Irina Rozovsky’s work titled A Perpetual Hold is about documenting her return to Russia after a long absence to a place she called home.  Her images are seeking a connection to her family and the past.  I found some images surreal while others a splash of reality about her journey, but an underlying tone of wanting to connect or relive was conveyed in this body of work.  Some images where taken at angles as if a child had taken them, or instinctual, which reinforces the understanding that the last time she was in Russia was at the age of eight.  Unlike One to Nothing were photos of her travels to the country of Israel seem distant, cold and calculated.  It was refreshing to see a photographer using the square format in a digital age, with such rich colors, and crispness that I have not seen in a while.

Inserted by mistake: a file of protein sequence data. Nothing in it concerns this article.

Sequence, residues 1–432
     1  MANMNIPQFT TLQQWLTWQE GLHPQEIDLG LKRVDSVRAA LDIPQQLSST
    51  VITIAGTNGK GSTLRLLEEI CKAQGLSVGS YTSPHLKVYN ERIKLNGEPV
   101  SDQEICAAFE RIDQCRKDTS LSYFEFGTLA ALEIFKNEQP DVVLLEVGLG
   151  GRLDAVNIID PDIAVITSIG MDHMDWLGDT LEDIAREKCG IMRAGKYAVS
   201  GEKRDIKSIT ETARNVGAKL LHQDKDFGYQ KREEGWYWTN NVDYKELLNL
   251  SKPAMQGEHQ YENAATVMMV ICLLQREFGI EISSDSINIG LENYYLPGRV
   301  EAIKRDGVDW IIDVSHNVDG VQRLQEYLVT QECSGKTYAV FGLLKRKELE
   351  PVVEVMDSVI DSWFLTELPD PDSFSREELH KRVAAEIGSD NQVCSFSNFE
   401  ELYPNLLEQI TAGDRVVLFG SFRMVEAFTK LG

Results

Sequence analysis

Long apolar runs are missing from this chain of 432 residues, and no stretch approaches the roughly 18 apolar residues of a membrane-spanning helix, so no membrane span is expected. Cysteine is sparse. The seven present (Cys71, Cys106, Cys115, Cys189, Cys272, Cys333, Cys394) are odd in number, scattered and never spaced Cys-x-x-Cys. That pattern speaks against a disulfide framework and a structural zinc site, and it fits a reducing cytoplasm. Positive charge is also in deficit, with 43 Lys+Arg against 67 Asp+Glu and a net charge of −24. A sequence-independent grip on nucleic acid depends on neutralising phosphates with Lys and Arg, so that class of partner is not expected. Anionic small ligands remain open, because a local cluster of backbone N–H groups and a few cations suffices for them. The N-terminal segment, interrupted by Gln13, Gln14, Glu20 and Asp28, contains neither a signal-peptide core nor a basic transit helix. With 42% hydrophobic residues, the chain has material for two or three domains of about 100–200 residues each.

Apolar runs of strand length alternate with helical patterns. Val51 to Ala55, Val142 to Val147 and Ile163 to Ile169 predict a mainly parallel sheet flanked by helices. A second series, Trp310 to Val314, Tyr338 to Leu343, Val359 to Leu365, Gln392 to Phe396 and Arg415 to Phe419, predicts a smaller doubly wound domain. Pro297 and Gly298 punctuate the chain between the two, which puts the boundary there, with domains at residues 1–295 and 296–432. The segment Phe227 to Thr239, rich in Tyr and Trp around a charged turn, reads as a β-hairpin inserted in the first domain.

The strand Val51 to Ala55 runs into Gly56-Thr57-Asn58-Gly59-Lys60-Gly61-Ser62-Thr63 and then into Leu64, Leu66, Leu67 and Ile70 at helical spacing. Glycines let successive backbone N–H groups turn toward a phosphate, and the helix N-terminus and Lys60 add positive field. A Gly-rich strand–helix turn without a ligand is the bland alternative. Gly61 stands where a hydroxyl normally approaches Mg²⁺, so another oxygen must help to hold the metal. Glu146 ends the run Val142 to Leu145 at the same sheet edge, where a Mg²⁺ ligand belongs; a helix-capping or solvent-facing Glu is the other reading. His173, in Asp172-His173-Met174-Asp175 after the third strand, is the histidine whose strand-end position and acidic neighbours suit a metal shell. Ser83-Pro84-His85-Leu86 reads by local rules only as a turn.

Eighteen by Natan Dvir are images of young Muslims living in Israel reaching the legal age of 18.  The scale of the images were large, each depicting a young person in their environment in a natural pose, shot straight on, with a paragraph or two telling the life history and ambitions of each participant in the project.  I will admit I’m ignorant, it never dawn the idea of Muslims living in Israel with issues dealing with Hamas and neighboring Muslim countries, why would Muslims want to live in a Jewish State. I’m very aware the three major religions, Christianity, Judaism, and Islam sharing Jerusalem as a holy city, but still it never crossed my mind.  With that out of the way I did not find these images interesting, since I’ve seen countless of shows prior with similar compositions.  I thought this bodywork is stronger in a book format; I wanted to get intimate with each young adult and read about his or her problems. It seems that it is fashionable to make prints large just because it possible.  Make everything big to catch the viewer’s gaze.